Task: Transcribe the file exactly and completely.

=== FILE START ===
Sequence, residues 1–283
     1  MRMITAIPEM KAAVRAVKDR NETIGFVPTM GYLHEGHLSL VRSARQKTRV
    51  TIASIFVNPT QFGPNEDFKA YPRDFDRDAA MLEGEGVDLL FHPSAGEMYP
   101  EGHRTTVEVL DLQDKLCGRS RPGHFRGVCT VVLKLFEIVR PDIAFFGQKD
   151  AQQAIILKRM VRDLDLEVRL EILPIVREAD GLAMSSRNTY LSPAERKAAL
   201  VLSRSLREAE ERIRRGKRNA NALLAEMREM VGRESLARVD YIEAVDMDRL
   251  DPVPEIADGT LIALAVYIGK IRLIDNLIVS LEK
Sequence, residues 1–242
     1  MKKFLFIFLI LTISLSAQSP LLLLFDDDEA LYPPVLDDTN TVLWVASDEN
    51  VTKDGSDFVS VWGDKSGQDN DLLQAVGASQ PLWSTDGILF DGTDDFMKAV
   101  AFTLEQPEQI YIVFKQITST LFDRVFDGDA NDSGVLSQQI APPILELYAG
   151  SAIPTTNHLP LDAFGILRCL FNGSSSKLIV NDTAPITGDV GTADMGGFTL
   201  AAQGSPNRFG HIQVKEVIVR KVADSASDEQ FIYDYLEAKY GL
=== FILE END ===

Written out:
Sequence, residues 1–283
     1  MRMITAIPEM KAAVRAVKDR NETIGFVPTM GYLHEGHLSL VRSARQKTRV
    51  TIASIFVNPT QFGPNEDFKA YPRDFDRDAA MLEGEGVDLL FHPSAGEMYP
   101  EGHRTTVEVL DLQDKLCGRS RPGHFRGVCT VVLKLFEIVR PDIAFFGQKD
   151  AQQAIILKRM VRDLDLEVRL EILPIVREAD GLAMSSRNTY LSPAERKAAL
   201  VLSRSLREAE ERIRRGKRNA NALLAEMREM VGRESLARVD YIEAVDMDRL
   251  DPVPEIADGT LIALAVYIGK IRLIDNLIVS LEK
Sequence, residues 1–242
     1  MKKFLFIFLI LTISLSAQSP LLLLFDDDEA LYPPVLDDTN TVLWVASDEN
    51  VTKDGSDFVS VWGDKSGQDN DLLQAVGASQ PLWSTDGILF DGTDDFMKAV
   101  AFTLEQPEQI YIVFKQITST LFDRVFDGDA NDSGVLSQQI APPILELYAG
   151  SAIPTTNHLP LDAFGILRCL FNGSSSKLIV NDTAPITGDV GTADMGGFTL
   201  AAQGSPNRFG HIQVKEVIVR KVADSASDEQ FIYDYLEAKY GL